Service animals are dogs trained to perform major life tasks to assist people with physical or severe psychiatric impairments/disabilities. Service animals are sometimes referred to as assistance animals, assist animals, support animals, or helper animals depending on the country and the animal's function.
A physical impairment is any medical disorder, condition, disfigurement or loss affecting one of the body systems, such as neurological, musculoskeletal, special sense organs, respiratory (including speech organs), cardiovascular, reproductive, digestive, genitourinary, immune, circulatory, hemic, lymphatic, skin, and endocrine.
Examples of conditions that are impairments: AIDS, and its symptoms; Alcoholism; Asthma; Blindness or other visual impairments; Cancer; Cerebral palsy; Depression; Diabetes, Epilepsy; Hearing or speech impairments; Heart Disease; Migraine Headaches; Multiple sclerosis; Muscular dystrophy; Orthopedic impairments; Paralysis; complications from Pregnancy; Thyroid gland disorders; Tuberculosis; loss of body parts.
These activities consist of functions such as caring for yourself, (including, but certainly not limited to bathing, dressing, shaving, preparing a meal, and going to the restroom), performing manual tasks, eating, sleeping, standing, walking, lifting, reaching, bending, seeing, hearing, speaking, breathing, learning, reading, concentrating, thinking, communicating, interacting with others, and working.
As a result of the Americans with Disabilities Act Amendments Act, major life activities now also include the operation of any major bodily function, including, but not limited to functions of the immune system, normal cell growth, digestive, bowel, bladder, neurological, brain, respiratory, circulatory, endocrine, and reproductive (procreation) functions.
Major life activities do NOT include the following:
It isn't necessary to possess a letter from a physician that states you are disabled and require a trained service dog, but if someone legally challenges a person claiming to be disabled, proof of the disability will be necessary at that point. What you must be prepared to do when in public is confirm you are disabled and provide credible verbal evidence of what your service dog is trained to do.
There are organizations who help pair a service dog with a disabled handler, and the training process takes time, substantial financial investment, and patience. The training begins with basic manners and continues to involve thorough socialization, impulse control and the specialized skills required to support their handler. The formal training procedure typically culminates with passing the Public Access test and Canine Good Citizen Test, which assesses the capability of the dog to be a proper, unobtrusive helpmate in public. Then, the handler and dog are matched and train together to be a working team. The scope of work that goes into preparing a service dog for the responsibility of assisting their handler and acting properly in public goes well beyond what usually occurs in pet dog training. People with disabilities have the legal right to take their service dog to any area where the general public is allowed, from movie theaters to hospitals, even when pets aren't allowed.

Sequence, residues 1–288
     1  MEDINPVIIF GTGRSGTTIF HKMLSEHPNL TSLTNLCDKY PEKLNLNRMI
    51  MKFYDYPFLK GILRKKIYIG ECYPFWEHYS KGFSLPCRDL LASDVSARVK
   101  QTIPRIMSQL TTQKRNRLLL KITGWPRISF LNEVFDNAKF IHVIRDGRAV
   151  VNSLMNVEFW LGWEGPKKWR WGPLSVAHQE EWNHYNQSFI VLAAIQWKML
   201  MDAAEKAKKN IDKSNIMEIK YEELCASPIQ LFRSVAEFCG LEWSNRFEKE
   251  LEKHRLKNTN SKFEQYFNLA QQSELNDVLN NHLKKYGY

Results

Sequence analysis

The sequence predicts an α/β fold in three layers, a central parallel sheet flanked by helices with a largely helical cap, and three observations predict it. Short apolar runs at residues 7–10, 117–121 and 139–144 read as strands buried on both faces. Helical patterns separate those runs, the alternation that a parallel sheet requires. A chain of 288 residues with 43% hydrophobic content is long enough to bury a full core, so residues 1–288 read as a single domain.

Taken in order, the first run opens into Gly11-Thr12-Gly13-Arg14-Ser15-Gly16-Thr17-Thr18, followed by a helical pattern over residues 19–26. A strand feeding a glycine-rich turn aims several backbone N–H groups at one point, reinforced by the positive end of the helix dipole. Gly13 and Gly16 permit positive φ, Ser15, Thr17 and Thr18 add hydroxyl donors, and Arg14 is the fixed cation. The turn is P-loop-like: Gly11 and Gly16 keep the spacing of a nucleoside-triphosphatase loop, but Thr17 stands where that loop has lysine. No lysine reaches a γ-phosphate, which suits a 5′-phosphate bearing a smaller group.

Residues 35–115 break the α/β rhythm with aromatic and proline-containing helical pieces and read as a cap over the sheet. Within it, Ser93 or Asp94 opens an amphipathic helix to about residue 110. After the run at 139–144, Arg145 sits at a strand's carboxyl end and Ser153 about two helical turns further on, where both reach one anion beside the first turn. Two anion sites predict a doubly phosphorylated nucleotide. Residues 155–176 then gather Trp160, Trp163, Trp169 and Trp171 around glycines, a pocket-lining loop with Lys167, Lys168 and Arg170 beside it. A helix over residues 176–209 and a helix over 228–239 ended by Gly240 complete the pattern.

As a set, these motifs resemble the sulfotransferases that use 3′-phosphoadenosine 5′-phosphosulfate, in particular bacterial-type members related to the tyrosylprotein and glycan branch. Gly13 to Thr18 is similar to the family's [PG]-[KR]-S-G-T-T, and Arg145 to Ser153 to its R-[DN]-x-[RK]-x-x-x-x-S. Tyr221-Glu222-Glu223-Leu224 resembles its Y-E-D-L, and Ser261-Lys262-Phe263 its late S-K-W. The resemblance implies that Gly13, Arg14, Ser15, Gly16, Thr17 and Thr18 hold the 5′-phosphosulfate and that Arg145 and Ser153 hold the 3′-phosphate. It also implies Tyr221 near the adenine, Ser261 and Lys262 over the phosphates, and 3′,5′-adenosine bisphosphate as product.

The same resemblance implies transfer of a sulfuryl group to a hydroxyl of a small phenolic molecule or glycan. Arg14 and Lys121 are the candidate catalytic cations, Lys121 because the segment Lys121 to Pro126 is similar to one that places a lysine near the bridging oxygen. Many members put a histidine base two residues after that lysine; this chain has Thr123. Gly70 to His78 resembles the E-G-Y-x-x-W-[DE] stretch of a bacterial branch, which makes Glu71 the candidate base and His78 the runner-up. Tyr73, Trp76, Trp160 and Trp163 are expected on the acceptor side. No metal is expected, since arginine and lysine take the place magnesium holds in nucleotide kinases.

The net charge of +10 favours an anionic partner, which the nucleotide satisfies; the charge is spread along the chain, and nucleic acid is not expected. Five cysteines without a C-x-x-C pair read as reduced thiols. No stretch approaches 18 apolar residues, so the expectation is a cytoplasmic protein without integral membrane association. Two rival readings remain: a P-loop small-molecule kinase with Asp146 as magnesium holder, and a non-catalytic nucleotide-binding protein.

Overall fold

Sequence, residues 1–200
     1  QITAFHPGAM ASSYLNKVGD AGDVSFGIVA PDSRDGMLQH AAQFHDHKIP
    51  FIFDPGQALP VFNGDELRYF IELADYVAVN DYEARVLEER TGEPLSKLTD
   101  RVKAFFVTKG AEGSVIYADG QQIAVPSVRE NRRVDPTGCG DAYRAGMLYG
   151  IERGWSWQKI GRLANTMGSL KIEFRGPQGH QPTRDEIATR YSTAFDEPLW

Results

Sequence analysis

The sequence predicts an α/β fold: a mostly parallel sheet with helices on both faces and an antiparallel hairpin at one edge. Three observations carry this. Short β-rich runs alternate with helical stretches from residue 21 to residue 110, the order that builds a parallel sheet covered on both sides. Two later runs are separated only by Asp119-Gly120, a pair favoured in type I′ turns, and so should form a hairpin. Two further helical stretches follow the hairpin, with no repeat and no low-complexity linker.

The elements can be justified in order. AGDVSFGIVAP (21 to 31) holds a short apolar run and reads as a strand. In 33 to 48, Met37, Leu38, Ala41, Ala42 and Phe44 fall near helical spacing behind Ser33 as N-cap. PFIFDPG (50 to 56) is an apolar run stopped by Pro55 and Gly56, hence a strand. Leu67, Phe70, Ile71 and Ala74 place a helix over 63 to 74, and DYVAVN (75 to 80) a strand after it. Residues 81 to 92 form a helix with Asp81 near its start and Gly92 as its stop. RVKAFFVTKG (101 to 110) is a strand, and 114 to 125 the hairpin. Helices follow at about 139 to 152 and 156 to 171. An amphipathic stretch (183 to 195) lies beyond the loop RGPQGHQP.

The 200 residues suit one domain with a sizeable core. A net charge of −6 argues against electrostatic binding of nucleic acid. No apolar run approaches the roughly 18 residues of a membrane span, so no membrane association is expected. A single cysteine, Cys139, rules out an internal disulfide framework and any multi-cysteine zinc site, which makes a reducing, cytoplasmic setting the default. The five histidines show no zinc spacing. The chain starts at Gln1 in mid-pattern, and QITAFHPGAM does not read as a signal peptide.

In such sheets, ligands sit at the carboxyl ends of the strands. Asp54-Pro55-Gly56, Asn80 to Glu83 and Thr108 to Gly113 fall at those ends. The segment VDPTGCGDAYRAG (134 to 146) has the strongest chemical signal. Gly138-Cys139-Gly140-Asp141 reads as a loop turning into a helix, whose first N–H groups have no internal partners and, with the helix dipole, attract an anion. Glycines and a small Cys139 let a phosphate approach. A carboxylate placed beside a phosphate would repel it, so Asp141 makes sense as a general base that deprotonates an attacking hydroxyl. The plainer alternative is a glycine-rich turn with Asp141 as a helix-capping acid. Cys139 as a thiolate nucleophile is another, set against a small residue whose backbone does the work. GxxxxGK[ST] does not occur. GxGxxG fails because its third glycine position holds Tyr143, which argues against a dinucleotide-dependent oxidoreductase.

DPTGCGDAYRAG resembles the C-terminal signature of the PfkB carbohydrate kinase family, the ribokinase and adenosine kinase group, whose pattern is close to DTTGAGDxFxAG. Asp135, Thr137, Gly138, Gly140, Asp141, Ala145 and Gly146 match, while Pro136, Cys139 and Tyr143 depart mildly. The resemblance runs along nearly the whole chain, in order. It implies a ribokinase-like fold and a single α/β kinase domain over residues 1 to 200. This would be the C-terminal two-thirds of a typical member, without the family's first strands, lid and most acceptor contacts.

Some handlers train their own pets, but typically begin with public behaviors (good dog manners), obedience, and finally task-specific training. This is a cost-effective method of attaining a service dog.
The Americans with Disabilities Act (ADA), as amended by the ADA Amendments Act of 2008 (ADAAA), 42 U.S.C. 12101, prohibits discrimination on the basis of a "disability" in several critical areas. Those areas include:
That means you are entitled by federal law to be accompanied by your service dog anywhere a non-disabled person could go, even when pets are NOT allowed.
If you are disabled and have a trained service dog, you have the right to be accompanied by your service dog in the cabin of an aircraft and not be charged a fee. There are some limitations and exceptions that can be made at the discretion of airline personnel, however. For example, the animal must be able to stay on the floor between your knees and the seat in front of you. If the dog is too large or the plane to crowded, they can require you to crate the dog.
The Fair Housing Amendments Act of 1988 requires property managers and landlords to make a reasonable accommodation (a change in the rules) to permit a disabled handler to have a service dog and not be charged a pet or other fee. That means if they have a "cats only" policy, they must accept your service dog. If they have a policy that allows dogs weighing no more than 30 lbs. and your service dog weighs 75 lbs., they must make a change in the rules to accommodate you. If they accept all dogs, except pit bulls, and you have a pit bull, they must allow your pit bull to reside with you.
A "place of public accommodation" includes almost every type of operation which is open for business or which comes in contact with the general public. Specifically, it includes any commercial facility, operated by a private entity (not the government), whose operations fall within at least one of 12 different categories. A disabled person is protected by law to be accompanied by a service dog in the following areas:
It's important to know that private clubs and religious organizations are NOT considered public accommodations.
Title III of the ADA does not apply to:
Service Dog Registration and Accessories
Service dog registration is not legally required, nor is your service dog required to wear a service dog vest, service dog patches, or have an ID card. Airline companies and other entities strongly encourage these things, however. If your service dog LOOKS like a service dog, then confrontations will be minimized in public and at the airport. It makes having your service dog with you in public much easier and hassle-free.